Problems with predicting the MSY
The maximum sustainable yield is difficult to measure as it is not a direct measure but rather an estimation of how certain fish stocks relate to pressure. This estimation presents a number of different concerns that need to be addressed including the age at which fish meet their sexual maturity, the time of year that fish spawn and the migratory habits of fish. There is a lot of uncertainty in this information, which leads to a lot of resistance when TAC is altered (Sinner and Fenemor, 2005).
Allocation between Recreational, Customary and Commercial Catch
The allocation of proportions to different sectors of fisheries is problematic. Before TAC is set portions are delegated to customary fishing, recreational fishing and the remainder is for the commercial sector as total allowable commercial catch (Bess, 2005). The Ministry of Fisheries prioritise which sector receives the first allocation, the current policy requires the customary catch allowance to be made first. The allowance of customary catch cannot restrict customary practise in any way, thus is likely to be a substantial allocation (Bess, 2005). Legislation does not identify the priority between commercial and recreational fishing, it is at the discretion of the Minster of Fisheries. This is also were the previous problem about quantifying the recreational allocation becomes important. If the Minister underestimates the actual take of recreational fishers then this is likely to not be covered by the sustainability buffer and may cause species depletion.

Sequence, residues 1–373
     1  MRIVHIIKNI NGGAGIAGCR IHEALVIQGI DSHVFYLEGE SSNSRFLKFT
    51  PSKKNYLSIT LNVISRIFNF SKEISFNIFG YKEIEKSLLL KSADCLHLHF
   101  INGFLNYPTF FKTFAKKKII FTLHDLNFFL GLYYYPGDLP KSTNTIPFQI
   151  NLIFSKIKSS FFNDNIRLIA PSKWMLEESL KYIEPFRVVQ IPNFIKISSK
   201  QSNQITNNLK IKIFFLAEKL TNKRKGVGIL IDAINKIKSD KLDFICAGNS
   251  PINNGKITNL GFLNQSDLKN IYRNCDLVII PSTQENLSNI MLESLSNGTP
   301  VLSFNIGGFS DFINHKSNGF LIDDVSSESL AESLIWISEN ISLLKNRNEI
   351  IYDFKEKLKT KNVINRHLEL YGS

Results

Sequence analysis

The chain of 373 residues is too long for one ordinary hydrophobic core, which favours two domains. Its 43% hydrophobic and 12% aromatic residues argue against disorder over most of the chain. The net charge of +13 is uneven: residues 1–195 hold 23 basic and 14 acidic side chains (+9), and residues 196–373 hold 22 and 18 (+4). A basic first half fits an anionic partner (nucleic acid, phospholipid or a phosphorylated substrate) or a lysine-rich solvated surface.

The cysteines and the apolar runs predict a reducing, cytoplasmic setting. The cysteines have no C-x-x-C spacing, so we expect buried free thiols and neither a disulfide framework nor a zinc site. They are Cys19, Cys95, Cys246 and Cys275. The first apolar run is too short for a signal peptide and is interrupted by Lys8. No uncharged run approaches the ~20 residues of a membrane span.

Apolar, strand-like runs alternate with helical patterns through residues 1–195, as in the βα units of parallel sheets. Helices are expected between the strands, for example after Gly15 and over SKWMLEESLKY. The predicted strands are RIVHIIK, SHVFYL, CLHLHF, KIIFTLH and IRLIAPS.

Uncertainty with setting quota